Central Missouri Meat and Sausage in Fulton, MO used USDA’s Value Added Producer Grant to expand and market its retail operations.
In Fulton, Missouri lies a hidden gem, a meat-lover’s dream to say the least. Starting out as a small processing center, the Brinker family expanded their business, Central Missouri Meat and Sausage, into a retail store and food court. Filled with the aroma of smoked pork, tender beef and a large assortment of specialty sausages, this small business is making a big impact on the central Missouri meat market.
Co-owner Kenny Brinker says what makes them stand out from their competitors is their local approach and the fact that all the meat is processed and packaged on-site in their processing center. Since the beginning, the Brinkers have been looking for ways to continue expanding to eventually reach a larger market. Read more »
From salad greens to fresh blueberries, local food is showing up everywhere from grocery stores to our kids’ school lunch plates. Helping the produce industry meet this local food demand and to meet the requirements of the U.S. Food and Drug Administration’s Food Safety Modernization Act (FSMA), USDA’s Agricultural Marketing Service (AMS) now offers a new GroupGAP certification program for smaller growers. USDA Photo by Lance Cheung.
Excitement is building in the produce industry. From salad greens to roasted beets to fresh blueberries, local food is showing up on grocery stores shelves, as new features on restaurants menus and on our kids’ school lunch plates. The increased demand for local food is creating more opportunities for farmers, ranchers and producers. While exploring new ways to meet the demand, the produce industry is also keeping an eye on the U.S. Food and Drug Administration’s Food Safety Modernization Act (FSMA).
To help producers meet the requirements of FSMA, one of the most important services USDA’s Agricultural Marketing Service (AMS) provides is our Good Agricultural Practices (GAP) certification. That’s why we’re launching a new GroupGAP certification program that allows smaller growers and producers to band together to become certified as a group. We are working closely with FDA to align our GAP and GroupGAP programs with FSMA requirements so that as FSMA takes effect, certified growers will know they are meeting the new requirements. Read more »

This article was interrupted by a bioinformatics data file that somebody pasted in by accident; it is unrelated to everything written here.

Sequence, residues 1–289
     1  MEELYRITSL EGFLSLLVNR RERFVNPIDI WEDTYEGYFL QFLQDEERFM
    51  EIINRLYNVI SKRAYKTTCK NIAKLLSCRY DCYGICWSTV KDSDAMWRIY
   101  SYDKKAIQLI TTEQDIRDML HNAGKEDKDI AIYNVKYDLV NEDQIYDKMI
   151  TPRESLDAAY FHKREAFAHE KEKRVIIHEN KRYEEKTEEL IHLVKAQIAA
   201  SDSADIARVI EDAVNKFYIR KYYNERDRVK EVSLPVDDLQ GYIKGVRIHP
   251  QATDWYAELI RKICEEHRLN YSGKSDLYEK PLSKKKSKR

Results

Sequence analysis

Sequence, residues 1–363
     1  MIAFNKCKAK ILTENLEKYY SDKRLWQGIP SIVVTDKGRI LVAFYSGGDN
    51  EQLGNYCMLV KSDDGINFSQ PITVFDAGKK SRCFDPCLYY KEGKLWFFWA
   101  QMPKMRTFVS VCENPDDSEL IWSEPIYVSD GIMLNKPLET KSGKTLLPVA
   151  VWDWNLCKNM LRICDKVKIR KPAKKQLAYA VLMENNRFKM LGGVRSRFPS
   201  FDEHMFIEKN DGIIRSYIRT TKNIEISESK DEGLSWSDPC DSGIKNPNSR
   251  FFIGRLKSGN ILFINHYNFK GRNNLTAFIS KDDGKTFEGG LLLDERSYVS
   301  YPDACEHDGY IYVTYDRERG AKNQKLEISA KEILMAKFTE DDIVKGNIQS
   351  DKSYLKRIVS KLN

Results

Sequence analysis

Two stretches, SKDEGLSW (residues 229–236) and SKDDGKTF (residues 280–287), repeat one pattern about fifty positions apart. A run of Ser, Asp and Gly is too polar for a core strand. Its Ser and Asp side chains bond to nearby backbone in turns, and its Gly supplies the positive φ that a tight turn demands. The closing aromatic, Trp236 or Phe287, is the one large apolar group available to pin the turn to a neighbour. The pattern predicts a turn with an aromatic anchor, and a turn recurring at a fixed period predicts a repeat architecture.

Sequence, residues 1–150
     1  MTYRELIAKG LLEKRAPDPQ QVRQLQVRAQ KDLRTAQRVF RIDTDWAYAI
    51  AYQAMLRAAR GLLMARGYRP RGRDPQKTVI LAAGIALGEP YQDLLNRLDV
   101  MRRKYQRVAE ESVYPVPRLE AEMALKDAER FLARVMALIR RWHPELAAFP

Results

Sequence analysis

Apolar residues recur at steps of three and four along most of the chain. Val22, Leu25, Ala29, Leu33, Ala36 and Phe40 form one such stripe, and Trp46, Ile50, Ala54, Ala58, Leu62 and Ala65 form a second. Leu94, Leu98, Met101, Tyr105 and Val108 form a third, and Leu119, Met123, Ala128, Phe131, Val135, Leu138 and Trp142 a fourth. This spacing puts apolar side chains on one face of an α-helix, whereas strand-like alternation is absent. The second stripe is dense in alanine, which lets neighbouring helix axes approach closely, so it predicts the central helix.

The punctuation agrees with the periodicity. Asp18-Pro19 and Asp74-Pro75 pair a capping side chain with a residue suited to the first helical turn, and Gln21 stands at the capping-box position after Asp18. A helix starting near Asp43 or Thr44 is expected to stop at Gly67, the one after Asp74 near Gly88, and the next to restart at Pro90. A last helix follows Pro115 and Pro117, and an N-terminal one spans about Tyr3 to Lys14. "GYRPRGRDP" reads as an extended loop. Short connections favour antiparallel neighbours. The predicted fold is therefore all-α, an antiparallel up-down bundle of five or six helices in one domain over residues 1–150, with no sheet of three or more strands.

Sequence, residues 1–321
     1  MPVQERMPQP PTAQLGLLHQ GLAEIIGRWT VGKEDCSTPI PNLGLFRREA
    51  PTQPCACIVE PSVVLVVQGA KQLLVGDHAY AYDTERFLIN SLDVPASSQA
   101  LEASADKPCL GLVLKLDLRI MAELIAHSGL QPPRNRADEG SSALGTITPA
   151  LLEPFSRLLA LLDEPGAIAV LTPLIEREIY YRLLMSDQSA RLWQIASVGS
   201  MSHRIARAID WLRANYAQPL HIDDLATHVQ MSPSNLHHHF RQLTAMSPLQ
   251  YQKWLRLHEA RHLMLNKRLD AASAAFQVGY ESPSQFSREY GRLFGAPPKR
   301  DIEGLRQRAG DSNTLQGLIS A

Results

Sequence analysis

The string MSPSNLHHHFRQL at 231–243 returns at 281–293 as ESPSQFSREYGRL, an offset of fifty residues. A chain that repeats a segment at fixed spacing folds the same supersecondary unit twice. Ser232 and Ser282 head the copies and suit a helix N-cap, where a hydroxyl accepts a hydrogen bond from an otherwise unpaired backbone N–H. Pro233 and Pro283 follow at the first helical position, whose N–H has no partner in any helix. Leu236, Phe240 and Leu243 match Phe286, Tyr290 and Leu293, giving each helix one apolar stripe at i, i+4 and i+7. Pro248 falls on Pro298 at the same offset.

U.S. peanut farmers produce more than 4 million metric tons of peanuts each year that provide consumers a monounsaturated fats and protein rich food that also is a good source of vitamin E, niacin and folate, making it an ideal nutritional source for school age children worldwide.
“Working for peanuts” is a phrase typically used when someone is toiling for little reward. But when describing the activities of the U.S. Department of Agriculture (USDA), a far better phrase is “working with peanuts,” especially when referring to the agreement recently reached by USDA to provide this nutritional commodity to a neighboring nation in great need, the Republic of Haiti.
USDA crafted a deal that will result in 500 metric tons of packaged, dry-roasted peanuts grown in the United States to be shipped later this year to school children in Haiti who have little access to food. This effort stems from the “Stocks for Food” program that first started in late 2007, a joint project between the Farm Service Agency (FSA), Foreign Agricultural Services (FAS) and Food and Nutrition Services (FNS) that transfers surplus farm commodities in government inventory to feeding programs and food banks both domestically and overseas. Read more »